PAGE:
Wednesday, April 29, 2015

The Armenian Holocaust

This week marks the 100th anniversary of the Armenian Holocaust.  You may ask, What is that.  I had not heard of it until today.  Briefly this was an effort by the Ottoman Empire it rid itself of the Armenians by forced exodus and by murder and massacre.  It began on April with the murder of a couple hundred prominent Armenians.  From there it became a general policy which resulted in between one and 1.5 million deaths.  This was Hitler before Hitler.

Saturday, April 18, 2015

Martin Handcart Pioneers: Sarah Franks and George Padley

Sarah Franks Mackay
Sarah Franks and George Padley were engaged to be married before they traveled with the Martin Handcart Company.  At least four other couples were on the journey, mostly on the ship on the Ship Horizon.  However Sarah and George decided to wait until the reached Salt Lake City so they could be sealed in the Endowment House.  However, the journey took its toll on both Sarah and George.  Their bodies began to break down.  In the ultimate example of sacrifice, George would take from his already skimpy rations, and share with Sarah.  George also took severe cold in crossing the Sweetwater river just before the company reached martin's Cove.  His body could take no more and he passed away in the cove.
Sarah was worried about the possibility of the wolves getting to her beloved's body.  She used her own shawl, which she needed for warmth, to dress him, and insisted his body be tied inn a tree. President Faust visited Martin's Cove as part of the Second Rescue.  President Kim w. McKinnon of the Riverton Wyoming Stake told the story of Sarah Franks and George Padley.  President faust "was very moved by the story.  With a tear in his eye he said it had to be one of the great love stories of the western migration."  
It wasn't until 1998 that Sarah was sealed to George, after this had been approved by the First Presidency.  She had married Thomas Mackay and raised a large family.   She would honor and love George for eternities, but she also loved Thomas.  Her dream of Zion was fulfilled in a different way than she had hoped.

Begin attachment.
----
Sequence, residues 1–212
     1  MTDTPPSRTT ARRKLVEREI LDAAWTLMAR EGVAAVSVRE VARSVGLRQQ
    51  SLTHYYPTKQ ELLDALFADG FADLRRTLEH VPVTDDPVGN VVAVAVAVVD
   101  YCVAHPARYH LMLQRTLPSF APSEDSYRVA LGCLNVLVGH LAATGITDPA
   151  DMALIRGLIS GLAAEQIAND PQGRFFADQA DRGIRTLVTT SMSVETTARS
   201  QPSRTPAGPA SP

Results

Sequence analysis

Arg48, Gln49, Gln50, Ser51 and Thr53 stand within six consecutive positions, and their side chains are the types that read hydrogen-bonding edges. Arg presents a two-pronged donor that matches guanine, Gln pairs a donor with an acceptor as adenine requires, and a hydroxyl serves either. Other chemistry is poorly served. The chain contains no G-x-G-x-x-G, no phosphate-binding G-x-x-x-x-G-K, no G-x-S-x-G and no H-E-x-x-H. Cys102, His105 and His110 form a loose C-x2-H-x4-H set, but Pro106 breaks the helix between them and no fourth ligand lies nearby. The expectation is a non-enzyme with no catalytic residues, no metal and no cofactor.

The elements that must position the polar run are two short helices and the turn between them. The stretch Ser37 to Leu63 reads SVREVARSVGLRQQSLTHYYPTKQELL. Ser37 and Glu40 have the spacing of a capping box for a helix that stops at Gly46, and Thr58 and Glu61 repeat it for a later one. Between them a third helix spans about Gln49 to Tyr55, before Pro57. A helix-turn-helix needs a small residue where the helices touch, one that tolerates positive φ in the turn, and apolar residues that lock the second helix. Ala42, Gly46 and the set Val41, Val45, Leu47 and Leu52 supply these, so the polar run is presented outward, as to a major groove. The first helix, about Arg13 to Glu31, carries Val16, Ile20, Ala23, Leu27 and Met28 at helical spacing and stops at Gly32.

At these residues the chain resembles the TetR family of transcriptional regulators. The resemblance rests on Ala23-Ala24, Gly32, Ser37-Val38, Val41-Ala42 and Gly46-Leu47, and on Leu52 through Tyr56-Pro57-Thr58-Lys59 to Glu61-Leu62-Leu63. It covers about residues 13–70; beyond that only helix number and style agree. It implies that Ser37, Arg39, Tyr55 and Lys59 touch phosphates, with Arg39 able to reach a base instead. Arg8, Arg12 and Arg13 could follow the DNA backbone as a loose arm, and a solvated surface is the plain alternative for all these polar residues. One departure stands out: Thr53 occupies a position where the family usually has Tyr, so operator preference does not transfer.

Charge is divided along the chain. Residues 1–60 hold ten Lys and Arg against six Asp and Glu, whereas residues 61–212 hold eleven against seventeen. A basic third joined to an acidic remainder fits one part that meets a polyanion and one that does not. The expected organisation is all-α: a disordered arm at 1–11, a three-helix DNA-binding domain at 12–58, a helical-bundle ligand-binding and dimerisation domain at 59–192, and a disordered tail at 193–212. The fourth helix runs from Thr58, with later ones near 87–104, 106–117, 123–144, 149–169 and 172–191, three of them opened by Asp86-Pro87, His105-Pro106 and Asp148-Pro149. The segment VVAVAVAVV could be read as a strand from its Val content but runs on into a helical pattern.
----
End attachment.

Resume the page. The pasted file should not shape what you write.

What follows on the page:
Peter McBride: Mormon Handcart Pioneer

Peter McBride, from Scotland, traveled with the Martin Handcart Company with his family.  He was six.  His father served the company as the music leader.  Upon arriving by train at Iowa City, Iowa, some of the company walked to the pioneer camping site that evening.  They were caught in a tremendous down pour.  Peter was walking with his older brother Heber.  What should have been a short walk, took considerably more because of the mud.  They became disoriented, and would not have found the camp except for the campfires they could see after dark.
Like most young boys, Peter was lively.  His father would pass away after the last crossing of the Platte while the company was in the Red Buttes area.  After his father was buried Peter could not be consoled.  Finally he was able to get out, "My fish hooks are in my father's pocket and I want them back.
After making it to Martin's Cove, the wind blew all the tents down one night.  As the company leaders inspected how many had perished during the night, when they come upon the McBride tent which had fallen the wondered how many were dead inside.  Peter's brother explained they had all gotten out.  However when she realized her younger brother had not, she indicated he must have perished.  Peter tells the story this way:

The wind blew the tent down. They all crawled out but me. The snow fell on it. I went to sleep and slept warm all night. In the morning I heard someone say, "How many are dead in this tent?" My sister said, "Well, my little brother must be frozen to death in that tent." So they jerked the tent loose, sent it scurrying over the snow. My hair was frozen to the tent. I picked myself up and came out quite alive, to their surprise.  (McBride, Peter, CH)

Peter must have been a bright spot on a trip which such suffering.

Thursday, April 2, 2015

Book Review: When Abraham Talked to the Trees

When Abraham Talked to Trees by Elizabeth Van Steenwyk, illustrated by Bill Farnsworth, Eerdmans Books for Young Readers, Grand Rapids, Michigan, 2000.
This is a story about how Abraham Lincoln developed his skill at public discourse.  Abraham loved to talk, and he read considerable to learn stories.  He would tell the stories to his family.  Sometimes they would listen.  Other times they might become bored.  Abraham would talk anyway; whether to his family, friends or the trees.